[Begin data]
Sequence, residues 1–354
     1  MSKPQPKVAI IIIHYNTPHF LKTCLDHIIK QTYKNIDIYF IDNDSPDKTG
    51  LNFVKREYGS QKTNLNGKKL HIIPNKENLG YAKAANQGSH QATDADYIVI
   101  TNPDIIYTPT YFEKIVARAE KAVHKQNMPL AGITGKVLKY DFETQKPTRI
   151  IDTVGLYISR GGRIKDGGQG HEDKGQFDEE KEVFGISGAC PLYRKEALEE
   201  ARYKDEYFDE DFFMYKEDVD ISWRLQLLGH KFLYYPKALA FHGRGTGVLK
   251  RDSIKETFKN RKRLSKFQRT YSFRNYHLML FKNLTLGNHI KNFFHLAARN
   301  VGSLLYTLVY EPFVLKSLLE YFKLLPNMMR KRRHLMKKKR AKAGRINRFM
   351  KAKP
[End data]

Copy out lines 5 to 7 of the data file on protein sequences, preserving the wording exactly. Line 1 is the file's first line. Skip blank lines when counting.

   151  IDTVGLYISR GGRIKDGGQG HEDKGQFDEE KEVFGISGAC PLYRKEALEE
   201  ARYKDEYFDE DFFMYKEDVD ISWRLQLLGH KFLYYPKALA FHGRGTGVLK
   251  RDSIKETFKN RKRLSKFQRT YSFRNYHLML FKNLTLGNHI KNFFHLAARN